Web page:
I think the best analogy between cooking at home or for a small gathering and a restaurant is that memory game with the flashing lights and you have to repeat the pattern the device spits out... cooking at home is like repeating patterns with four buttons and squences of three, while in a very busy kitchen it's like repeating sequences of ten with six different buttons, and the next sequence is starting before you even finish pressing the first one.

                            One of the biggest chokepoints of kitchen efficiency is the number of burners and saute pans you have (ten burners aren't going to be of much use when you have 10 hot appetizers of four kinds and 20 mains all demanding your attention), how much mise on place you actually have in front of you (just because you prepped enough stuff for a hundred customers in one night doesn't mean they can fit it all right in front of you and you'll eventually need to go to the large walk-in fridge to grab stuff... now imagine doing that when the chef is still continuing to call out order after order and your stuff is cooking on the burner or in the oven), and the cooperation between stations (just because your fries are ready and already cooling down and getting soggy doesn't mean that well-done steak is done and the plate is ready to go), and when you have the chef being the expediter as well and (Ramsay in particular) sees that your limp, cold fries are sitting there like you threw them at the plate, then things are going to slow down.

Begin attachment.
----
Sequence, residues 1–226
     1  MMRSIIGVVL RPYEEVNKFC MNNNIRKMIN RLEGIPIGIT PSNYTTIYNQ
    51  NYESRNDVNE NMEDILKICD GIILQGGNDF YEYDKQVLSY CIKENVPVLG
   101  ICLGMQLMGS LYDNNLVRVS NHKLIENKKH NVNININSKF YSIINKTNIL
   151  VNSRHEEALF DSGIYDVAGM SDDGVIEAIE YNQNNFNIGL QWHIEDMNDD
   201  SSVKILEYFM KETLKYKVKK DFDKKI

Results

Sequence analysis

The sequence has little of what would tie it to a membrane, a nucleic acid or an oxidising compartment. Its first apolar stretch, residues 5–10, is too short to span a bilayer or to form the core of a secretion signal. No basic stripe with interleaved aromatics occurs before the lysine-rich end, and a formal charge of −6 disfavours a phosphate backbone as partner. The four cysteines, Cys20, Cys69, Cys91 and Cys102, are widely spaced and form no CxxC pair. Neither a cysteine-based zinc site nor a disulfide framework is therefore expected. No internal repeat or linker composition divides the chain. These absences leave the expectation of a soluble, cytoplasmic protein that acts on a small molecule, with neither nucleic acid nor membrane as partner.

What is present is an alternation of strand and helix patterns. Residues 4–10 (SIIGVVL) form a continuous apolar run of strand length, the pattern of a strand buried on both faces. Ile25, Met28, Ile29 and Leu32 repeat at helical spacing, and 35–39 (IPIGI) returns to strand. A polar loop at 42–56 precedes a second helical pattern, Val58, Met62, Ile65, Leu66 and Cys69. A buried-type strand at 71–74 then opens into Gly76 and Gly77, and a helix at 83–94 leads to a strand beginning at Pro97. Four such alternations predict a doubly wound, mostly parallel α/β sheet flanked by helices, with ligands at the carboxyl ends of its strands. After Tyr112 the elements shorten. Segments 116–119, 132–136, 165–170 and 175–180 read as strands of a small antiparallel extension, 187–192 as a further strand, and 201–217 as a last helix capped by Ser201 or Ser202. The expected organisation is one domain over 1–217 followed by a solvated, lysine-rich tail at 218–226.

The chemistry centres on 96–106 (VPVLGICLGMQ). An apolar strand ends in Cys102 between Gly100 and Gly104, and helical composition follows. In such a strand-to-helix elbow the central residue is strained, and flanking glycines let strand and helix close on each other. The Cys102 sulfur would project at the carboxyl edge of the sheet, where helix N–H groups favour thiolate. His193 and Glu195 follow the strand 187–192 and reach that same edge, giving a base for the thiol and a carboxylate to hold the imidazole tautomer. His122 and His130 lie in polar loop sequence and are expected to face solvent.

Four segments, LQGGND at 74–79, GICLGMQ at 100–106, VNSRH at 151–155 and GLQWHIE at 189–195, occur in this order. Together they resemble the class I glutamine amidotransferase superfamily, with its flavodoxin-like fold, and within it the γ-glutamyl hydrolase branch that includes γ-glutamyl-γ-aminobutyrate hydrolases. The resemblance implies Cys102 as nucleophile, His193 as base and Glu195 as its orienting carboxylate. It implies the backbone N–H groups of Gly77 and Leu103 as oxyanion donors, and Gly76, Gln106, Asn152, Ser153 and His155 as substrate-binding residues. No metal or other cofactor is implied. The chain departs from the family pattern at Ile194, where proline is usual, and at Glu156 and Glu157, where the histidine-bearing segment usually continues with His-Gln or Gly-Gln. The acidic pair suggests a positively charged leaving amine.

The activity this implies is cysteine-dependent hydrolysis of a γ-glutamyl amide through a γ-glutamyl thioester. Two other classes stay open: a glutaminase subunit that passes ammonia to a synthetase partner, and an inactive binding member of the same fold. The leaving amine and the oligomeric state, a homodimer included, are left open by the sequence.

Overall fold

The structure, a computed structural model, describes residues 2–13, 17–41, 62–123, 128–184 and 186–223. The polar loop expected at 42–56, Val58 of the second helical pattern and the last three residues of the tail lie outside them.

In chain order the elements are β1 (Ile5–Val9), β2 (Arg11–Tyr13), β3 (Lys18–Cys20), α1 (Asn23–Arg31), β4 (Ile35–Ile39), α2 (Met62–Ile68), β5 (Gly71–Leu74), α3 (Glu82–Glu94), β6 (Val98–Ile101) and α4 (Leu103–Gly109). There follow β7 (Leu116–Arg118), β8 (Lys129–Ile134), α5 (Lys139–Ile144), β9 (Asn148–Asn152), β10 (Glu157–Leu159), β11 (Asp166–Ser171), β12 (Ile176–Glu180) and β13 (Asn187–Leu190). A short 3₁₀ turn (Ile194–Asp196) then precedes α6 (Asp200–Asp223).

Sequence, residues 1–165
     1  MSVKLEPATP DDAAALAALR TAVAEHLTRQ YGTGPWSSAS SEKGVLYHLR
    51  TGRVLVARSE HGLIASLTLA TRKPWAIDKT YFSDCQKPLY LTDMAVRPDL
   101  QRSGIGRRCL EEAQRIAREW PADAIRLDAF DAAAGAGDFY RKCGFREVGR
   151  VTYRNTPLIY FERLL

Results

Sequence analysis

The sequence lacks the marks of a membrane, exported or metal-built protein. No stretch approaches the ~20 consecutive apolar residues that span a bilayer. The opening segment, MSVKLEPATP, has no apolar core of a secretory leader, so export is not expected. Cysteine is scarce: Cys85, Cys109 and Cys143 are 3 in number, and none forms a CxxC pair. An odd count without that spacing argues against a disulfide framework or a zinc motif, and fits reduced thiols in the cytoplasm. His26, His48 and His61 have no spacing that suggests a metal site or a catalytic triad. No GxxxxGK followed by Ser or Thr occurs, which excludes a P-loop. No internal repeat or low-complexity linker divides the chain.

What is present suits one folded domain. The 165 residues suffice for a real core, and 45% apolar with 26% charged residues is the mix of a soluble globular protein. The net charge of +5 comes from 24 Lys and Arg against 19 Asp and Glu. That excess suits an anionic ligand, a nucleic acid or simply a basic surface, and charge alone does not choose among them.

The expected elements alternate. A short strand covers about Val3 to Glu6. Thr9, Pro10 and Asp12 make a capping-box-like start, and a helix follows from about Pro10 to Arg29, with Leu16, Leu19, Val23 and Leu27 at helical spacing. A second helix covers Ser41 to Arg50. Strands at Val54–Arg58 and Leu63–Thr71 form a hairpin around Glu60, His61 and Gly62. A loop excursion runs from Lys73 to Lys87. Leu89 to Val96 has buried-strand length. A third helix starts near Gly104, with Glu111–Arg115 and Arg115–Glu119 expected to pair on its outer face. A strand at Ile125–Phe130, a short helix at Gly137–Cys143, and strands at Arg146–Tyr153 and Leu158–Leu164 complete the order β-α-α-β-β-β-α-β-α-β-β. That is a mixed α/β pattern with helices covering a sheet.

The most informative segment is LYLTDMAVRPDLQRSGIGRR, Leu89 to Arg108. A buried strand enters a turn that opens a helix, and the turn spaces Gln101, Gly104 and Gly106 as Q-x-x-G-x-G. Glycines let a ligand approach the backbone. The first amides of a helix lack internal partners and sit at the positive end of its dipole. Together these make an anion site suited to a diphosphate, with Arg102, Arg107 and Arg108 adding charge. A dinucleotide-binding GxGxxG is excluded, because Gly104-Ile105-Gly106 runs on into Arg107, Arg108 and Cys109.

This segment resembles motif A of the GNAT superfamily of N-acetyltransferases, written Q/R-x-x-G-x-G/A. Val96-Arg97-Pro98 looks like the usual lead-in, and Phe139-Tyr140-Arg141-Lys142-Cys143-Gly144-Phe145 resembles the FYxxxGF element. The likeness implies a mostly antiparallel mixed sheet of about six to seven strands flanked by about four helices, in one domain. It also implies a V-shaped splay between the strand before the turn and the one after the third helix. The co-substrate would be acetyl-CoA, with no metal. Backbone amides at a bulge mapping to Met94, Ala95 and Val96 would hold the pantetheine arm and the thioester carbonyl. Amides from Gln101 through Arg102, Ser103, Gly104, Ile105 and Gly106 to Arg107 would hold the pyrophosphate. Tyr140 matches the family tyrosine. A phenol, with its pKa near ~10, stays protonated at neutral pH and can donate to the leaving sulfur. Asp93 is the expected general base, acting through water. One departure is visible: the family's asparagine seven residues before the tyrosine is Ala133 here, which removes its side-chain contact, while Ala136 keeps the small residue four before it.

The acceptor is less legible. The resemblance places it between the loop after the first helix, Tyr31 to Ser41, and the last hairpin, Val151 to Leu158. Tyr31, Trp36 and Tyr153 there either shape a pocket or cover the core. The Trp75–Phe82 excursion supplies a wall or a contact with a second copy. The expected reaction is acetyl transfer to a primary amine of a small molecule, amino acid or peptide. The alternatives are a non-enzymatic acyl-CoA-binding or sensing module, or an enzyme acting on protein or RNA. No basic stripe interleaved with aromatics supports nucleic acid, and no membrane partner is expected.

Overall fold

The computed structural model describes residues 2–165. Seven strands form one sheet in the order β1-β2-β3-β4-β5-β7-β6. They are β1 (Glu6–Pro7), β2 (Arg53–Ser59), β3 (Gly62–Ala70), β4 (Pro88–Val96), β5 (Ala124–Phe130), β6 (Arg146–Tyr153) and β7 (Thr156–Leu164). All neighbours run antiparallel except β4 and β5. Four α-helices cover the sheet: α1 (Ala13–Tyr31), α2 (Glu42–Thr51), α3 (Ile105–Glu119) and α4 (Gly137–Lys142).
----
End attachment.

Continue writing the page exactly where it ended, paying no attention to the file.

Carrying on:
1. re: Curtis

                              Oh, and assuming that the network wants more entertainment value, let's say they're seating everyone at the same time and people are ordering simultaneously... when the printing machine or the chef calls out orders without end, it can frazzle even the best of them.

                          3. re: Homer J

                            Hello, yes, once the basic competency issues are resolved, like the appetizer cook's inability to produce a single servable risotto in 90 min (every contestant should have known they should master this dish in advance, knowing the menu preferences from last season), and assigning the beef wellington to the salad chef who didn't cook an initiation dish, the biggest hurdle is "choreography".